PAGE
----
With the discussions Canadian politicians and business people are having about the Dutch disease, (resources and higher dollar values undermining manufacturing), maybe it's time for Canadians to revive our moribund manufacturing sector with a little good old-fashioned Canuck resolve.
We could begin with “buy Canadian” policies, and that would include our resources and environmental projects. We would not be defying any free trade agreements currently in place since no country involved in any free trade agreement with Canada has had any problem in breaking the spirit of the agreement whenever they find it convenient. Our foremost trading partner, the United States, has no compunction in implementing America First policies when they find it to their advantage and nobody holds them to task for it, nor do we blame them. They wear their patriotism on their sleeves. Ours occasionally shows up during international hockey tournaments.
International trade agreements should always be about making deals and we need not make excuses for taking hard-line stances. Most of the time these deals and contracts work well for both sides. You get what you want in goods, money, service or future considerations. As long as all those who sign the agreements live up to the commitments, there should be no major problems.
So signing deals within and then from beyond our borders could be the first priority.
If the resource sector in Western Canada is really to blame for manufacturing malaise in Eastern Canada and the high value of the Canadian dollar that supposedly restricts foreign trade (debatable), then maybe we should do something about it.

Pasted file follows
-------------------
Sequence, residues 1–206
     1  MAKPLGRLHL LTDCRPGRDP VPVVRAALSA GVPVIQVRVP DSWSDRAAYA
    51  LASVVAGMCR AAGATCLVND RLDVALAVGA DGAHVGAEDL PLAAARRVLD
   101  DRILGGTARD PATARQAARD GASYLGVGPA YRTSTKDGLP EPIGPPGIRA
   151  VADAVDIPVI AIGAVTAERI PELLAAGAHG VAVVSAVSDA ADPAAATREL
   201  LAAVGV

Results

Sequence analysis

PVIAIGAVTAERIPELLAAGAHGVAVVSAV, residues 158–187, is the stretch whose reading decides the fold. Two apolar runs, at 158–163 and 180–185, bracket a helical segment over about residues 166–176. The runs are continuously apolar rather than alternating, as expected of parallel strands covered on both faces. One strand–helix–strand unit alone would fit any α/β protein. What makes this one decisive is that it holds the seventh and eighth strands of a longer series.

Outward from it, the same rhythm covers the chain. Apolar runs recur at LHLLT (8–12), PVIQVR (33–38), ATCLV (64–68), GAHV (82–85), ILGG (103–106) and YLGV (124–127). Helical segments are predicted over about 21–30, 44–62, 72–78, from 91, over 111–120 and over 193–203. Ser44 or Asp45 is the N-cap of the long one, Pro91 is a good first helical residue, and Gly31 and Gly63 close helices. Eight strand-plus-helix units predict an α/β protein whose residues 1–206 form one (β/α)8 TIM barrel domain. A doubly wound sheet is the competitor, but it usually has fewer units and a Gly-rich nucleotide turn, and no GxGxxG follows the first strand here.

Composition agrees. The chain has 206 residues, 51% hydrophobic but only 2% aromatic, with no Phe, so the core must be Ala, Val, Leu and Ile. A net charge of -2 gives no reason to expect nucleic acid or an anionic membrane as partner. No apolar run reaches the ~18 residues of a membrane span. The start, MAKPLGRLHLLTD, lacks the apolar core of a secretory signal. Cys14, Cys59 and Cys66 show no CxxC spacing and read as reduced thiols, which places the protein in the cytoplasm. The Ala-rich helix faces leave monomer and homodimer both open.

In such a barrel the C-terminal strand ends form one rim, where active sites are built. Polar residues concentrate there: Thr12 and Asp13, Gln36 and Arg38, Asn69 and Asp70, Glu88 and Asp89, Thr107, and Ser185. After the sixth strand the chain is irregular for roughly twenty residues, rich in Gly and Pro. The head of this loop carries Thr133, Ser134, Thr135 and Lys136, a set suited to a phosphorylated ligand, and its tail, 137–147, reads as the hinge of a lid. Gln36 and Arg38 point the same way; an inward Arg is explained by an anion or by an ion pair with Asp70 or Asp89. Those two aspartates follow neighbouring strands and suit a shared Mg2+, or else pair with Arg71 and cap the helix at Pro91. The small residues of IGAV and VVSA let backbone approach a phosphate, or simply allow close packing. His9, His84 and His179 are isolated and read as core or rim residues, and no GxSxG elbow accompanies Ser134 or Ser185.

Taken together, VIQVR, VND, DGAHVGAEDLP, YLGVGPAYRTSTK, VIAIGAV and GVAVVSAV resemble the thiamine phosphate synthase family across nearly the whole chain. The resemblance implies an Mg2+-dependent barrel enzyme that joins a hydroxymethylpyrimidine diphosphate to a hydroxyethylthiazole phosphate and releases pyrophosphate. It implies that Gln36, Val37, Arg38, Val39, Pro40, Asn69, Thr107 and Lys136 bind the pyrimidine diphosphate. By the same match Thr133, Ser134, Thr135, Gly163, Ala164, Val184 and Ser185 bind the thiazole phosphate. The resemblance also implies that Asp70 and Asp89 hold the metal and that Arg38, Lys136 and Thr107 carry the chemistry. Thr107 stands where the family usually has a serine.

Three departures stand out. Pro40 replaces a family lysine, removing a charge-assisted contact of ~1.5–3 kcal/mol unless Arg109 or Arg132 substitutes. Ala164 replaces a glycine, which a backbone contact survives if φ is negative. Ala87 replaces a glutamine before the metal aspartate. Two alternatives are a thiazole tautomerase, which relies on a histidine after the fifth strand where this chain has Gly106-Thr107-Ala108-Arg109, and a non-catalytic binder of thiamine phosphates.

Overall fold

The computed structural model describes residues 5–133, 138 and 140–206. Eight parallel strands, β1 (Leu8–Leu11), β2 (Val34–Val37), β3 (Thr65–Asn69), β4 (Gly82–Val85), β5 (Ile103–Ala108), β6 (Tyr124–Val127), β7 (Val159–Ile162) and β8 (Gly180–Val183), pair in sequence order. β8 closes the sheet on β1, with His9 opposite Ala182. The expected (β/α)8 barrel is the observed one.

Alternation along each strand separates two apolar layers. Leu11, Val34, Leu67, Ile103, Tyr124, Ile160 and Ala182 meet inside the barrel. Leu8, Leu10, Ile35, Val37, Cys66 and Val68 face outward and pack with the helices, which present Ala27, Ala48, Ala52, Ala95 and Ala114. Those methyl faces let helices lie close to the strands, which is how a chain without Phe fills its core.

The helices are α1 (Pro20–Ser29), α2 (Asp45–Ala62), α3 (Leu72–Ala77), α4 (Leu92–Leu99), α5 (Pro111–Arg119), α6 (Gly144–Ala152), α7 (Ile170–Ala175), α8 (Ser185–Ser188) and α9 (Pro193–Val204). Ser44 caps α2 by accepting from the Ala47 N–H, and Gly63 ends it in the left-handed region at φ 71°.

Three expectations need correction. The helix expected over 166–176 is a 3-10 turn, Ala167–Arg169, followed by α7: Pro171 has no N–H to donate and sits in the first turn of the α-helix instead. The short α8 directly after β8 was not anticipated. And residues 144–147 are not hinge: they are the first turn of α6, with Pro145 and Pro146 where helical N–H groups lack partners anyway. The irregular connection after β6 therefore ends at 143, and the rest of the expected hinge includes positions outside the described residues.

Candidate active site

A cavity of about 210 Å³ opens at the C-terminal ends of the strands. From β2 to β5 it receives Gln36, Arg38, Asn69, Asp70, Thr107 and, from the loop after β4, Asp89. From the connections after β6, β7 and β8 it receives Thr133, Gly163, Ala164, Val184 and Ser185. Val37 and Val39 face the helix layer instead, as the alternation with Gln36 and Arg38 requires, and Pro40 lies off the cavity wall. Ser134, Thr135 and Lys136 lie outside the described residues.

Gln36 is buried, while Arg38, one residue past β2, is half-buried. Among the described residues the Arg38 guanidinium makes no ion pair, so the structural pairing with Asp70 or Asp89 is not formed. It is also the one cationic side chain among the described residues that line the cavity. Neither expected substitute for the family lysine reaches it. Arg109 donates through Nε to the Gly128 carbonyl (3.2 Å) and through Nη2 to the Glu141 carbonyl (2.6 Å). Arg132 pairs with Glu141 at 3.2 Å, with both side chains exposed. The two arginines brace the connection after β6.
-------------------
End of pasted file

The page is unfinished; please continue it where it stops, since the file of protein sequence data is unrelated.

Are all our oil and gas drilling rigs made in Canada?
Who builds our coal haulers and locomotives? We have the capabilities to make that happen in Canada, but do we? Do we keep the higher valued Canadian dollar circulating in Canada, or do we ship it out to the slightly lower bidder in another country? What are the consequences if we keep the manufacturing business at home at the expense of a higher price? What does that do to our international reputation as fair traders? Do we even have a positive international reputation these days?
What's so wrong with Canadian-made tractors and combines? Could we prove we can build something more than grain storage bins?
Are Canadians capable of mass producing anything other than a few automobiles anymore? Can we even identify and manufacture anything for niche markets?
If we, in Western Canada, are to be relegated to the ranks of being simple hewers of wood and haulers of water, then perhaps someone in Eastern Canada should be manufacturing axes and buckets for us, or we'll have to do that ourselves too.
In other words, instead of whining about the current imbalance in our country's set-up, maybe we need to get the inventive and entrepreneurial juices flowing again with, or without, the politicians on side.
What we do know for sure is that this current situation of one side of the country pointing at the other side of the country crying that “they got the bigger piece” isn't serving anyone any good and is only dividing us into the old have and have-not arguments that only politicians can mine for their own benefit.
They won't be looking for the solution, therefore we have to find it.